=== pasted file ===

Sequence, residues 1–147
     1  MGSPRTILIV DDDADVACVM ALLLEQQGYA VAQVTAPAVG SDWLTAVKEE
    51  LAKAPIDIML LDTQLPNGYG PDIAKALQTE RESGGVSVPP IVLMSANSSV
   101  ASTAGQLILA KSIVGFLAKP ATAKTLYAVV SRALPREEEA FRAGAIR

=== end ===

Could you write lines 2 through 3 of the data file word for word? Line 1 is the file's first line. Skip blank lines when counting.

     1  MGSPRTILIV DDDADVACVM ALLLEQQGYA VAQVTAPAVG SDWLTAVKEE
    51  LAKAPIDIML LDTQLPNGYG PDIAKALQTE RESGGVSVPP IVLMSANSSV